- Paul Tough, Whatever it Takes: Geoffrey Canada’s Quest to Change Harlem and America. 2008. Chapter 2, Unequal Childhoods, explores Canada’s growing recognition of how limited Harlem parents’ access is to the kinds of information and other resources that he and his wife can take for granted regarding child development and how to enhance it through specific activities. Indeed, this inspired much of his thinking around the development of the Harlem Children’s Zone Baby College and other HCZ programs.
In the proliferation and pruning process, simpler neural connections form first, followed by more complex circuits. The timing is genetic, but early experiences determine whether the circuits are strong or weak.
Harvard Center on the Developing Child. Brief: The Science of Early Child Development.
Inequalities at the Starting Gate finds that the most socioeconomically disadvantaged children lag substantially in both reading and math skills, and that these skill levels rise along with social class. As such, poor children face substantial obstacles to school success. For example, children in the highest socioeconomic group have reading and math scores that are significantly higher—by a full standard deviation—than scores of their peers in the lowest socioeconomic group.
A combination of greater income gaps across social classes, much less support for parents from both workplace and government, and disparate access to quality early education, which would narrow them, leads to larger gaps both between low- and middle-SES children and also between middle- and top-SES US kids compared to their peers in similar countries.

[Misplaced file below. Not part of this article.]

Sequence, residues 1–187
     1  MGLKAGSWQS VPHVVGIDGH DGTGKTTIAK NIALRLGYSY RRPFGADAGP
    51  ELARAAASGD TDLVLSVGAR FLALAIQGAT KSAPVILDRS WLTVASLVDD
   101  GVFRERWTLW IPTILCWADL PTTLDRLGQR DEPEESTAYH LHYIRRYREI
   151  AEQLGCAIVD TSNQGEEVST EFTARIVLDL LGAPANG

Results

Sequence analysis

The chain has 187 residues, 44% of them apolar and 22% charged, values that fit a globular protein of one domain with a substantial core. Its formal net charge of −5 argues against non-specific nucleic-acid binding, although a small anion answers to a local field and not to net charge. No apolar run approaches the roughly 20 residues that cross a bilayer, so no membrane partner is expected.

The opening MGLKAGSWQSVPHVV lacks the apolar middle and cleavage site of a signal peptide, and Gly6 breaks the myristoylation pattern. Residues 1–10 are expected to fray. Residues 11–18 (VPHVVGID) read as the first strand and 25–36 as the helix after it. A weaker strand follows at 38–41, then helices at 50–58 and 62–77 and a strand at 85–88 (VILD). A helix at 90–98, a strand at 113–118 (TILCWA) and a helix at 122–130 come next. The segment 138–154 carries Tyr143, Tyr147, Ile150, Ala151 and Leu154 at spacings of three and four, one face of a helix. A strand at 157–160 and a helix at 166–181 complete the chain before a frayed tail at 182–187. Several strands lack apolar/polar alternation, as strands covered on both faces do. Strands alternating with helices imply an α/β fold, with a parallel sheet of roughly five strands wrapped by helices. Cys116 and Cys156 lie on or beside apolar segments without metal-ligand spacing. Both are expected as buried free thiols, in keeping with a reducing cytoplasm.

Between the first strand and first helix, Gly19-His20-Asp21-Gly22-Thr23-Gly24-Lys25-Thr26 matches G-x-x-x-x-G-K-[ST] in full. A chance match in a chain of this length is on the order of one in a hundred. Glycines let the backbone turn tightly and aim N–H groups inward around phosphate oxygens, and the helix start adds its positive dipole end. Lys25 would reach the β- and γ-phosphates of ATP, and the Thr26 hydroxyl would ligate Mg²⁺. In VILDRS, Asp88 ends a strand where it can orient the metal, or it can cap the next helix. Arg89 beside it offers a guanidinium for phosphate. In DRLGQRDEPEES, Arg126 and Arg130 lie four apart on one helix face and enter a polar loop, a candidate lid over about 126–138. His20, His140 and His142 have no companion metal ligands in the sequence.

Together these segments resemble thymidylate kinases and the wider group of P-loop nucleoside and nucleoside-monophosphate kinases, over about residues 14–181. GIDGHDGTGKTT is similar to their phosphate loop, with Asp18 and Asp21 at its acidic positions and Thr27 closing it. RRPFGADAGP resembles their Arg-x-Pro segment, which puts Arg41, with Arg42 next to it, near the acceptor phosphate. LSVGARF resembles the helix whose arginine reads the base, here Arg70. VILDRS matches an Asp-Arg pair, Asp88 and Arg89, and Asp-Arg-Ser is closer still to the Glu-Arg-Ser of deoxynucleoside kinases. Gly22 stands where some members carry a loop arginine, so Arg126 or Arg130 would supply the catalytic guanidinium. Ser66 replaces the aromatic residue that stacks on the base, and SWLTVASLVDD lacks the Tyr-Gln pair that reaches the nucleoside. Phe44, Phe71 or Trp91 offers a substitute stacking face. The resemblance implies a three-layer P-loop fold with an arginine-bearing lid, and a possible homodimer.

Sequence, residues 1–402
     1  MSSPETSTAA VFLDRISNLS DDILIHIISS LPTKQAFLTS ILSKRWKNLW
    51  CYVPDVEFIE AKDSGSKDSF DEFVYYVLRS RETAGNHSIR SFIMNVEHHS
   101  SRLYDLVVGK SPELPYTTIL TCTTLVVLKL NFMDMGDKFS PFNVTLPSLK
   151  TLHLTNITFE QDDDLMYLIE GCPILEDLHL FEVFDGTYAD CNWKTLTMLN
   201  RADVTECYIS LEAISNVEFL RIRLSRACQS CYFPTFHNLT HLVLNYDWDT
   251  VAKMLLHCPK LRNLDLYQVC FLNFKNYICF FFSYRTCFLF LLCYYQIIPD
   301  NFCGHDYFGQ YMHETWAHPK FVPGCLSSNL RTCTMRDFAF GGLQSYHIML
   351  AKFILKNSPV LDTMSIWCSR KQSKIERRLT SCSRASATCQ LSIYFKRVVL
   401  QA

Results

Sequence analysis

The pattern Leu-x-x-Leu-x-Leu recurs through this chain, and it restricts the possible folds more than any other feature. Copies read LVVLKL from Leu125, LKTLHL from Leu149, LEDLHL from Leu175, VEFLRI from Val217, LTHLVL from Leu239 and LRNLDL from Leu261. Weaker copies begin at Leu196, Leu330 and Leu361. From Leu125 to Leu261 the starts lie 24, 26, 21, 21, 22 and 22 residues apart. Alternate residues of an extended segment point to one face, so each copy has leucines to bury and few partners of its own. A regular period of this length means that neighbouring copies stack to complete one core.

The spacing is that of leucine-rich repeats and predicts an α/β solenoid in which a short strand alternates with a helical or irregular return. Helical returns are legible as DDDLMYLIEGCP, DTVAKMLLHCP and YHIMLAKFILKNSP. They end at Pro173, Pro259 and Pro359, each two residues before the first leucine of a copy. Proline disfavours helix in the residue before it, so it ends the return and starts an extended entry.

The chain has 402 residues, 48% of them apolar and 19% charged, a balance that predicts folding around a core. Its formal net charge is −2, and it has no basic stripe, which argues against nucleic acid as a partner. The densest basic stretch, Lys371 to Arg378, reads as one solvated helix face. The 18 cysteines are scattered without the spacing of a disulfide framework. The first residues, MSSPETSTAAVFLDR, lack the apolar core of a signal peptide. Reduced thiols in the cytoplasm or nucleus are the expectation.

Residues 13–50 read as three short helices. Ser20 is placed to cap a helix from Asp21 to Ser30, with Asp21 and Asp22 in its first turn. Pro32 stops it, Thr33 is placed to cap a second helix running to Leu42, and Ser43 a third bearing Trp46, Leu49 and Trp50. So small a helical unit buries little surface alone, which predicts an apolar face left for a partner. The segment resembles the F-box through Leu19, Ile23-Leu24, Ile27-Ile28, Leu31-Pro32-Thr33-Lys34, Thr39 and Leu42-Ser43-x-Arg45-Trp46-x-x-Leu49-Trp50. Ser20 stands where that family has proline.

Too Many Children Left Behind (2015). Bradbury, Corak, Waldfogel, and Washbrook
Book Club: The Youngest Minds, by Ann B. and Richard Barnet. Simon and Schuster 1998. In their exploration of research on child development, this husband-wife, policy analyst-neurologist team translates important evidence on brain science, psychology, and parenting into accessible, readable terms that also can help guide policy action. The authors explain how disadvantaged circumstances stand in the way of healthy development for too many American children and also how those poor odds can be overcome with the right policies and interventions. The latter includes an overview/summary of the impacts and benefits of quality early childhood education programs.
Video: Brain Hero (This three-minute graphic video from the Harvard Center for the Developing Child illustrates the complexities of brain development, early obstacles infants and toddlers must overcome, and consequences when they don’t, as well as policy implications to enhance young children’s healthy development.
- Given the critical importance of laying a strong foundation for early brain development, why is there such a lack of investment in young children and their families in the United States? How might we learn from other countries – in particular, those with similar economic and political systems – in order to narrow this gap?
- How do race and poverty interact in these early years to create early achievement gaps? And which interventions might be most helpful in mitigating those impacts and narrowing (or even averting) the gaps?
- Based on what you have read here, how much of the achievement gaps we see in elementary school, middle school, and even at high school graduation are likely due to school influences versus the persistence of gaps already accrued when children entered kindergarten?
Like the other sessions in this MOOC, BBA thanks Andy Donlon for his helpful contributions.